Explainer: Why Nigeria's election faces multiple threats

2019-01-28 10:19
Picture: AFP

Picture: AFP

Multimedia   ·   User Galleries   ·   News in Pictures Send us your pictures  ·  Send us your stories

Nigeria has slid into a constitutional crisis three weeks before the presidential election after President Muhammadu Buhari suspended the country's chief justice, a key player in what likely will be a disputed vote affecting the lives of some 190 million people. The president's rival calls the suspension "an act of dictatorship" meant to influence the election.

Africa's most populous country already faces multiple challenges as it tries for a second consecutive democratic transfer of power on February 16 after decades marked by coups.

Here's a look at what's at stake.

Oil rich, deeply poor

Nigeria is Africa's largest oil producer but its economy is sluggish and corruption is widespread. A rich elite dazzles in seaside Lagos, the continent's largest city, but most of the country struggles to get by. In a too common scene, at least a dozen people died earlier this month when an overturned oil tanker exploded in the south while scores of people were scooping up the leaking fuel to use at home.

Many Nigerians were dismayed last year by reports based on data by the World Poverty Clock saying their country had surpassed India with the largest number of people living in extreme poverty. A changing climate in the arid north is already pushing some people toward the heavily populated south in search of the means to survive.

DEADLY CONFLICTS

The Boko Haram extremist group and an offshoot affiliated with the Islamic State group are making a deadly resurgence in the northeast despite declarations by Buhari's government that Boko Haram had been crushed. The government has noted the extremists' worrying new use of drones.

A separate conflict in central Nigeria has become even deadlier, with fighting between farmers and herdsmen over scare resources killing some 1,300 people in the first half of 2018 — six times more than those killed by extremists, according to the International Crisis Group. The conflict between the largely Muslim herders and largely Christian farmers is a sensitive issue for Buhari, a Muslim and ethnic Fulani from the north who is accused by some of not doing enough to end the fighting.

Meanwhile, oil militants in the south and bandits in the northwest continue to pose a deadly threat.

FRAGILE DEMOCRACY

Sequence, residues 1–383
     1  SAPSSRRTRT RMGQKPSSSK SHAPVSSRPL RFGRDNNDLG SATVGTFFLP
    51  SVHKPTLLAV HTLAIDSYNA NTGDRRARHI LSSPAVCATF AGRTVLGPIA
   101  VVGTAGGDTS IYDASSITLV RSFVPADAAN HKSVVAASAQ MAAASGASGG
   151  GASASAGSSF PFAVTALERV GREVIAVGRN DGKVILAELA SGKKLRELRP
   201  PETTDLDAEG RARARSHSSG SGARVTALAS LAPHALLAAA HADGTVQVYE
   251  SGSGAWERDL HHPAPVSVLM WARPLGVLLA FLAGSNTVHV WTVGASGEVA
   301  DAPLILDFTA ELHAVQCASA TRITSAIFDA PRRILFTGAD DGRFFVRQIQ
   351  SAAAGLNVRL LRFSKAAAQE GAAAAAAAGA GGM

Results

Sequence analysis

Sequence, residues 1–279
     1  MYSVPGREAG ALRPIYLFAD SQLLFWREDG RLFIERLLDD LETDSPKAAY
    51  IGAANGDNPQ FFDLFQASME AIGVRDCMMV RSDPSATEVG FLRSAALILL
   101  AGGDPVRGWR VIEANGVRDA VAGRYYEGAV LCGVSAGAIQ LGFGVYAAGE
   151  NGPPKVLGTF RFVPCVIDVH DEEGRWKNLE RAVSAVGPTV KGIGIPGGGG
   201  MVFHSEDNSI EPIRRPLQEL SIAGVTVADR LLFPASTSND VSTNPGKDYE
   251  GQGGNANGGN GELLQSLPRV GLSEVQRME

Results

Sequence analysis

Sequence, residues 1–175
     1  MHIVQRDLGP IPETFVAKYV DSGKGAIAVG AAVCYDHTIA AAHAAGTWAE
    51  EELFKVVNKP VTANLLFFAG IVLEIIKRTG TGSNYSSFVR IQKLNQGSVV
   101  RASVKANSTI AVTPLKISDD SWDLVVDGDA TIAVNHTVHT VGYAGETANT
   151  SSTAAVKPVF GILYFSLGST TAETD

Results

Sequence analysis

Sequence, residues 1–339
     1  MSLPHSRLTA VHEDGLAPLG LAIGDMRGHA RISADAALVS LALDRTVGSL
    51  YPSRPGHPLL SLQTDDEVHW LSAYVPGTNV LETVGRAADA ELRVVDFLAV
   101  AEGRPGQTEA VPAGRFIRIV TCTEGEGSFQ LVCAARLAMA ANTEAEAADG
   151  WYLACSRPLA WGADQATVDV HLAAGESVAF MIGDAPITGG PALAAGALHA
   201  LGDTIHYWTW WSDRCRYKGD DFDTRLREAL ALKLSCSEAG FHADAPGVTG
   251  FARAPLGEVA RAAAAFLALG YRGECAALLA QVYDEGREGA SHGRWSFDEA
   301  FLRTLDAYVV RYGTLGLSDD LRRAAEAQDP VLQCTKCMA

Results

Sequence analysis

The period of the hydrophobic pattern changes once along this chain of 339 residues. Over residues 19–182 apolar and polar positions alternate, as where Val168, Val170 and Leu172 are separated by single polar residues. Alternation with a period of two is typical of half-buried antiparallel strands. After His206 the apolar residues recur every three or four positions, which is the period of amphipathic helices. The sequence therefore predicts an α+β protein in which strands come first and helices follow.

In a year of several major elections in Africa, people across the continent are watching to see how Nigeria's will unfold. It did not help confidence when neither Buhari nor his main challenger, former vice president Atiku Abubakar, showed up for a presidential debate a week ago.

Buhari's win in 2015 was a rare peaceful power transfer in Nigeria, the powerhouse of West Africa, a region that has been trending toward stable elections. Already the United States and Britain, worried about vote-buying, heated rhetoric and intimidation, are warning against election-related violence. The countries have threatened visa restrictions, severed access to UK-based funds and prosecution for those who undermine the vote.

The crisis that erupted on Friday night over the suspended chief justice, who faces corruption allegations, has infuriated the main opposition People's Democratic Party, which on Saturday stopped campaigning for 72 hours in protest.

Both the US and European Union have expressed concern, with the US warning that the lack of a swift resolution could "cast a pall" over the vote.

"Both parties appear to be laying the groundwork for declaring the election results fraudulent if they lose," John Campbell, a former US ambassador to Nigeria, wrote for the Council on Foreign Relations on Friday.

Now many Nigerians worry that any legal challenge to the vote could be compromised if the judicial system itself is in disarray.

Read more on:    nigeria  |  west africa
NEXT ON NEWS24X

Inside News24

 
/News
Traffic Alerts
There are new stories on the homepage. Click here to see them.
 
English
Afrikaans
isiZulu

Hello 

Create Profile

Creating your profile will enable you to submit photos and stories to get published on News24.


Please provide a username for your profile page:

This username must be unique, cannot be edited and will be used in the URL to your profile page across the entire 24.com network.